According to this example, Lewis lung carcinoma cells are injected into a cavity on the back of mice according to the mouse model described by O′Reilly et al. in Cell 88:277-285 (1997). The carcinoma cells are allowed to grow into primary tumors weighing 0.5-1.0 g. The primary tumors are surgically resected and the resection cavity surgically closed. Two groups of mice will be maintained similarly, except that the treatment group will receive an effective amount of the implantable material to the resection cavity prior to surgical closure.
  • [0174]
    Reduction and/or amelioration of pathological angiogenesis, abnormal neovascularization, extracellular matrix degradation, expression levels of MMPs and indicia of inflammation will be monitored over time by laparoscopy, ultrasound, MRI or by sacrificing the mice and examining the resection cavity microscopically. Further, inhibition of regrowth of cancer cells at the site of the resected primary tumor and inhibition of cancer cell metastasis to the lung will be monitored over time by laparoscopy, ultrasound, MRI or by sacrificing the mice and examining the resection cavity and lung microscopically. It is expected that mice treated with the implantable material of the present invention will display reduction and/or amelioration of pathological angiogenesis, abnormal neovascularization, extracellular matrix degradation, expression levels of MMPs, indicia of inflammation, regrowth of cancer cells at the resection cavity and/or metastasis of the cancer cells to the resection margin, to the lung or to surrounding tissue compared to the control mice.
  • 4. Resection of Tumors in Humans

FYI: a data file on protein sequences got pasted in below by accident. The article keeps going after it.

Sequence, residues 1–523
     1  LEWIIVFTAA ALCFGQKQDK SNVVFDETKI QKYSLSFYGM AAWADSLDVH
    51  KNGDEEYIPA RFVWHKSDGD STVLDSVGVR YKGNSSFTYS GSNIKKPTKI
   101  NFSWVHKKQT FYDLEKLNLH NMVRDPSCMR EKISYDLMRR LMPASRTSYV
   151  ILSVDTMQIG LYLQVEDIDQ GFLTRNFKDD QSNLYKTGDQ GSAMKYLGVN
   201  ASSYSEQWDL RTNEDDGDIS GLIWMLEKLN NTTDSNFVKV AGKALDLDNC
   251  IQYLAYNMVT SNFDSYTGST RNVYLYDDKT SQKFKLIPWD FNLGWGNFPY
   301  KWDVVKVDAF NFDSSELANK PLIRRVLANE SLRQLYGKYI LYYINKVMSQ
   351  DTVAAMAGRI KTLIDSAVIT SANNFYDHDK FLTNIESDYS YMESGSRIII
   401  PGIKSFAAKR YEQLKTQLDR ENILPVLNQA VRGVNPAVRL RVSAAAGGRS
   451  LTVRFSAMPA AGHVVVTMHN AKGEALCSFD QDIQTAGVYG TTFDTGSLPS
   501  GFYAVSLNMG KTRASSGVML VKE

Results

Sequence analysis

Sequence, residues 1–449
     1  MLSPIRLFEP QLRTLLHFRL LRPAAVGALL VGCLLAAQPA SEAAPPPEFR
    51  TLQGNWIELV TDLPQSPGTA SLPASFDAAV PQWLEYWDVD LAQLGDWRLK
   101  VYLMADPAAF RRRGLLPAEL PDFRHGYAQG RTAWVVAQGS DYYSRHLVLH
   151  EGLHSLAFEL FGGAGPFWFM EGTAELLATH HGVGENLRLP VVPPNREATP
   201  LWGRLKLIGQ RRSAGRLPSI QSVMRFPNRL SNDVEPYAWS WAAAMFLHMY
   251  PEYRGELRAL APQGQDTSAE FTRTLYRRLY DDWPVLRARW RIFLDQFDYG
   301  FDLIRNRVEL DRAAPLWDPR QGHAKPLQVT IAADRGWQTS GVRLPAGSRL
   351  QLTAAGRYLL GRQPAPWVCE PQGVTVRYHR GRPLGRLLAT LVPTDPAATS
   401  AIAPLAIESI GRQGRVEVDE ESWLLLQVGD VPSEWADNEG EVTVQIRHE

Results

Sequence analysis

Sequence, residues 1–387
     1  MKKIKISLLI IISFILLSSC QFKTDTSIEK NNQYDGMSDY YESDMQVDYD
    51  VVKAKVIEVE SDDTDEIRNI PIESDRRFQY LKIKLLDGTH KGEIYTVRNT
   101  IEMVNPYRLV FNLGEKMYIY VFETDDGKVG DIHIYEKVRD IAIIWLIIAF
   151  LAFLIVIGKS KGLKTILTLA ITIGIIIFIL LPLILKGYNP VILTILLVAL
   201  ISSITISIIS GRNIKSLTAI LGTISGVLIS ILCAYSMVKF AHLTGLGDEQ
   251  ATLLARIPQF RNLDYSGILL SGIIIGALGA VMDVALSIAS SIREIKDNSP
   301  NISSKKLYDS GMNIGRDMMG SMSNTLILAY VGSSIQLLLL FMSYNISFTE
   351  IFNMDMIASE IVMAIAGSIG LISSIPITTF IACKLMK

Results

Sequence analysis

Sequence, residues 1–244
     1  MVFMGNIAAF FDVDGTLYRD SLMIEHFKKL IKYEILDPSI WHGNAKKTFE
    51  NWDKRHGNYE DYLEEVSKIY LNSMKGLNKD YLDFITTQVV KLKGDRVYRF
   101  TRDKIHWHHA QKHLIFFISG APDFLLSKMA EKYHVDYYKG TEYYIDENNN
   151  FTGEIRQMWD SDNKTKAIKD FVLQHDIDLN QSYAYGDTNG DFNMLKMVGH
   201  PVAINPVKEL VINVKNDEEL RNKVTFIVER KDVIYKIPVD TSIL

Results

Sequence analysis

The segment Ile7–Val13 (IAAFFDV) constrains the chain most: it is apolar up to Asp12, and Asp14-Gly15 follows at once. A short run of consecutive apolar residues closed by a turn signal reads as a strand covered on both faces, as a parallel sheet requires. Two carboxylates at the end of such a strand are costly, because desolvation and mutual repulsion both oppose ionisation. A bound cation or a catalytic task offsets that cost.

• [0175]
    Human patients that have been diagnosed with a solid tumor will be studied to demonstrate treatment or management of resection sites following tumor resection. Patients will be examined to identify a solid tumor. Two groups of patients will be maintained similarly, except one group will receive an effective amount of the implantable material to the resection cavity following excision of the solid tumor. The implantable material will be applied at or adjacent to non-cancer cells and/or their stroma at the resection cavity. Reduction and/or amelioration of pathological angiogenesis, abnormal neovascularization, extracellular matrix degradation, expression levels of MMPs and indicia of inflammation will be monitored over time by ultrasound, MRI, CT scan, physical exam, and other relevant procedures depending on the type of resection cavity present in the patient. It is expected that patients treated with the implantable material will display reduction and/or amelioration of pathological angiogenesis, abnormal neovascularizaton, extracellular matrix degradation, expression levels of MMPs and/or indicia of inflammation at the resection cavity and at surrounding tissues compared to the control patients.
  • 5. Chemotherapy and/or Radiation Therapy in Humans
  • [0176]
    Human patients that have been diagnosed with a tumorous growth will be studied to demonstrate treatment or management of the tumor site following chemotherapy and/or radiation therapy at the tumor site to resolve the tumor. Patients will be examined to identify a tumorous growth suitable for treatment with chemotherapy and/or radiation therapy. Two groups of patients will be maintained similarly, except one group will receive an effective amount of the implantable material to the treated tumor site following administration of chemotherapy and/or radiation therapy.
  • [0177]
    Reduction and/or amelioration of pathological angiogenesis, abnormal neovascularization, extracellular matrix degradation, expression levels of MMPs and indicia of inflammation will be monitored over time by ultrasound, MRI, CT scan, physical exam, and other relevant procedures depending on the type of treatment site present in the patient. It is expected that patients treated with the implantable material will display reduction and/or amelioration of pathological angiogenesis, abnormal neovascularization, extracellular matrix degradation, expression levels of MMPs and/or indicia of inflammation at the treatment site and at surrounding tissues compared to the control patients.
  • 6. Treatment of Macular Degeneration in Mice
  • [0178]